A bill designed to protect the privacy of genetic information
of individual citizens was introduced in the U.S. Senate last
spring. Sponsored by Sens. Pete Domenici, R-N.M., and Paul Simon,
D-Ill., S 1898 or the "Genetic Confidentiality and
Nondiscrimination Act of 1996," addresses an appropriate concern.
But it fails to recognize that its provisions would have an
overwhelmingly detrimental effect on genetic research.
Genetic research has progressed at an astonishing pace during
the past two decades in a largely unregulated environment. It holds
great promise in diagnosis and treatment of a variety of
genetically related diseases. Included are inherited disorders for
which specific genetic explanations have been or are being
identified. These include fibrocystic disease, sickle cell disease,
Alzheimer's disease, diabetes, leukemia and cancer.
Although many people would benefit from this progress, only a
very few would be harmed by breaks in confidentiality of genetic
information. The Domenici-Simon bill seeks to protect these very
few while creating a serous hazard to benefits that would flow to
the very many.
The prologue to the bill focuses entirely on potential negative
aspects of obtaining human genetic information. It fails to point
out the many benefits of genetic studies.
The bill, which exceeds the U.S. Constitution in length,
attempts to micromanage procedures for confidentiality and
disclosure, records and tissue-sample storage. The bill would
create a morass of legal interpretation.
Provisions of the bill - some clearly specified and some that
are likely to arise from court interpretations - would essentially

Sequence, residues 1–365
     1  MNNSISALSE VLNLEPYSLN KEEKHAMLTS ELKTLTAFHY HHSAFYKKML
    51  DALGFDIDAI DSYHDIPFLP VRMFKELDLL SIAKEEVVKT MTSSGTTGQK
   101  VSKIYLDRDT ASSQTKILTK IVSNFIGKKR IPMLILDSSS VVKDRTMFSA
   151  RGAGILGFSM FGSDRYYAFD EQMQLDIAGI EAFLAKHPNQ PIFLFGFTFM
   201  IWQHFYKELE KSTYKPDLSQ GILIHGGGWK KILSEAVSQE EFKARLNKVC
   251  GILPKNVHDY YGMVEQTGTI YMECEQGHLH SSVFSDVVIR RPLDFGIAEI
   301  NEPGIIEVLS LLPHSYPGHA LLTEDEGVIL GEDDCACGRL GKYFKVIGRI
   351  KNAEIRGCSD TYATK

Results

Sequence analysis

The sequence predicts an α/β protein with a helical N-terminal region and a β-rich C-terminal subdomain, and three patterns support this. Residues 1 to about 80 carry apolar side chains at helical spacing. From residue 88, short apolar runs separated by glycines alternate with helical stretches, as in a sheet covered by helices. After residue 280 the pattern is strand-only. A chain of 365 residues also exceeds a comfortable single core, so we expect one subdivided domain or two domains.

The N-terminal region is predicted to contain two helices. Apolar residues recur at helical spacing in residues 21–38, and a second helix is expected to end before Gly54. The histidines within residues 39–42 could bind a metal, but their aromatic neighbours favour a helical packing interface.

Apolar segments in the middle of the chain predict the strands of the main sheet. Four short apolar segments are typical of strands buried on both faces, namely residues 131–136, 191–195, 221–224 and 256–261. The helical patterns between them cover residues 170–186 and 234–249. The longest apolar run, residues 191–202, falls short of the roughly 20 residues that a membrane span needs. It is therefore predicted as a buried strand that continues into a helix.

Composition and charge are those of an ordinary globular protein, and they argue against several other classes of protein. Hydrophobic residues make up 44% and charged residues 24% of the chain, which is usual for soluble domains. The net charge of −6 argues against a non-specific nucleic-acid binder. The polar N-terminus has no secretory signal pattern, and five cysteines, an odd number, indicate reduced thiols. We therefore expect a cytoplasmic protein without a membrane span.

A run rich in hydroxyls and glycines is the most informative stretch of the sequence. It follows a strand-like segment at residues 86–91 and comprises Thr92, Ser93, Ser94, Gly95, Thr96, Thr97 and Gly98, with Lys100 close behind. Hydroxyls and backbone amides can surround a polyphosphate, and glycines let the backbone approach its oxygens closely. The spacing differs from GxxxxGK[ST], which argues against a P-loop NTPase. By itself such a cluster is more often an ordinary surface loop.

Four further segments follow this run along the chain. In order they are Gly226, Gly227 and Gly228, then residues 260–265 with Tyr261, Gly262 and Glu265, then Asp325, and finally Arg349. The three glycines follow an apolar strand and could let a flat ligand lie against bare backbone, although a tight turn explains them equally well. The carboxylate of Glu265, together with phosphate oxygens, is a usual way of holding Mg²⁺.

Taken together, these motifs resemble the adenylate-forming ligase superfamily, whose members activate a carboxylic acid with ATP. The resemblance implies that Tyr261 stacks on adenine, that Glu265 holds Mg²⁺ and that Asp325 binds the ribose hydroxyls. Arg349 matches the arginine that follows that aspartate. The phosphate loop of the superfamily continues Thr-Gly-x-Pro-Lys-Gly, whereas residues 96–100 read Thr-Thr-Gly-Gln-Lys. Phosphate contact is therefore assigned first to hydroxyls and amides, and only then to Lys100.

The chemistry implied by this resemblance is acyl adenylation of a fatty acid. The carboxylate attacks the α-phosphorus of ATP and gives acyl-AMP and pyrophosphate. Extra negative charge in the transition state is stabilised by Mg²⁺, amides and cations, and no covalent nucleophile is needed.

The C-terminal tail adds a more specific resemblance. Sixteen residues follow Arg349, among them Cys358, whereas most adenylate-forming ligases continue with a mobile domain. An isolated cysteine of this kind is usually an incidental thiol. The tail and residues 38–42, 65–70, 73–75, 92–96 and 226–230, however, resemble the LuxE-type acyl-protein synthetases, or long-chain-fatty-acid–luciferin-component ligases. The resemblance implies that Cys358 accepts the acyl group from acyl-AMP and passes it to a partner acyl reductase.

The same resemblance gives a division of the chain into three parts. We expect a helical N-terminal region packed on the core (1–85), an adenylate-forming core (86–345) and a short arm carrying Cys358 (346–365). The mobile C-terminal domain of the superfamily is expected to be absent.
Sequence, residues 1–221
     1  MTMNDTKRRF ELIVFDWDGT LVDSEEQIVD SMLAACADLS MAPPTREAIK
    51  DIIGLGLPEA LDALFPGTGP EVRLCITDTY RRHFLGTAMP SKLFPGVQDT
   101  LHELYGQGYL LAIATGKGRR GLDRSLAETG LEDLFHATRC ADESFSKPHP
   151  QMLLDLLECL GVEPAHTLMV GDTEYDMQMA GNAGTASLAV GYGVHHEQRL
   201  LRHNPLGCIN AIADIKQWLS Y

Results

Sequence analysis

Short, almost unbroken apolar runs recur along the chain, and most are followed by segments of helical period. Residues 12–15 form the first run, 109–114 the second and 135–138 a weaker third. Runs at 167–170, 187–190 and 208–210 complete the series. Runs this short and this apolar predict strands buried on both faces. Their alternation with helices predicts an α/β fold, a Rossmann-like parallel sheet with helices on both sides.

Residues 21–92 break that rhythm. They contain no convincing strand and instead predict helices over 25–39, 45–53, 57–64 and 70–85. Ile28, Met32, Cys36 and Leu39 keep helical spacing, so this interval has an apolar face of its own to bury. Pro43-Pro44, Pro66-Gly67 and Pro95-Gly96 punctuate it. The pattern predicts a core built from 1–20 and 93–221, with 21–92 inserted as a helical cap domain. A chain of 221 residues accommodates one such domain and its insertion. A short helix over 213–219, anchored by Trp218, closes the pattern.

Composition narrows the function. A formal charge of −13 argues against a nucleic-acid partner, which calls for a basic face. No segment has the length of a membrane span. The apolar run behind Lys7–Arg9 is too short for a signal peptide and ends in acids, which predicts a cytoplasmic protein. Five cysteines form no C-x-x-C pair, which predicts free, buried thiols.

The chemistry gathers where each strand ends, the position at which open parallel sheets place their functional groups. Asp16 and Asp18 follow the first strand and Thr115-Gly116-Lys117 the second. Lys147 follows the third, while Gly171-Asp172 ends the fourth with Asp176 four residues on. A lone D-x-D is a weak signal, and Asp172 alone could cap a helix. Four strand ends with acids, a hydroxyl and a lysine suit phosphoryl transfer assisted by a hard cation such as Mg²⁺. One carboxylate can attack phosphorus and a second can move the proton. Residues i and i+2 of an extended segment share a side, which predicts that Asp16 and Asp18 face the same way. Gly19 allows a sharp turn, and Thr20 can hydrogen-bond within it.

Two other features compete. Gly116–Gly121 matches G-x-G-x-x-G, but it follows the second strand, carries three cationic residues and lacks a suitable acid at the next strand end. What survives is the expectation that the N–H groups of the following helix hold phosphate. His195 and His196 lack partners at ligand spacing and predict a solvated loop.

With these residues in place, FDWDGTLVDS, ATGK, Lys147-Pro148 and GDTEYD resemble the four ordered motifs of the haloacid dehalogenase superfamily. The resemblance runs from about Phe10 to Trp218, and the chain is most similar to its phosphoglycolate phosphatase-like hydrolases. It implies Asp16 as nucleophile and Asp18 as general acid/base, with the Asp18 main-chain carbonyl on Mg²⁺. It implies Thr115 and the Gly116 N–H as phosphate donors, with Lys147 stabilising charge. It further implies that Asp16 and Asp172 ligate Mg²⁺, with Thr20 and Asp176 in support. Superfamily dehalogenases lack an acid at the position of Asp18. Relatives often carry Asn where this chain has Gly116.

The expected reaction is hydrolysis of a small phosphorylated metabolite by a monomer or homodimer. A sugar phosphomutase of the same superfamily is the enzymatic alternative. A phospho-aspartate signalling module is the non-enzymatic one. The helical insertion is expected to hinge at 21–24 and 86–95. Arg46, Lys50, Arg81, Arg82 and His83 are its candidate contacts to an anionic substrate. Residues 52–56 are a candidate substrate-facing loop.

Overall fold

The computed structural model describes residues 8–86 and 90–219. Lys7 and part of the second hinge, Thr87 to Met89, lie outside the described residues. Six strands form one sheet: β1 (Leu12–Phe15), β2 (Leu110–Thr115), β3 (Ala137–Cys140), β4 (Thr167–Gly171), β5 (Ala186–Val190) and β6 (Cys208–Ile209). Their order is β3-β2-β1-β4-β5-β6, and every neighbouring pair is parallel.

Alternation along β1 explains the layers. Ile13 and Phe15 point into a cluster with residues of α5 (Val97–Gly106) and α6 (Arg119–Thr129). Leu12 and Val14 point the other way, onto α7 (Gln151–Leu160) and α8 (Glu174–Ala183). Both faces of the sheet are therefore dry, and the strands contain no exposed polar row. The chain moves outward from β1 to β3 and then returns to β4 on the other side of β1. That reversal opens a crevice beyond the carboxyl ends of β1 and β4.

bring human genetic research to a halt in this country because:
(1) High administrative expenses will be caused by the need to
acquire consent of source individuals for any studies involving
genetic information. These will restrict study of archival
specimens on which much progress in genetic understanding of cancer
has been based to date.
(2) The bill would create a daunting potential for liability
for researchers. Strong penalties are specified for studies of
specimens that currently can be studied without permission of the
donors; these are acquired by sampling of blood, other body fluids
or by surgical operations. In the vast majority of studies, the
information obtained can be safeguarded by conventions already in
place. I know of no harm done to individuals by inappropriate
release of genetic information in the many studies with which I
have some familiarity.
(3) Expenses of research would be increased by an inappropriate
requirement of informed consent for study of archival specimens,
and the broad rights to genetic and psychological counseling
specified by the bill. …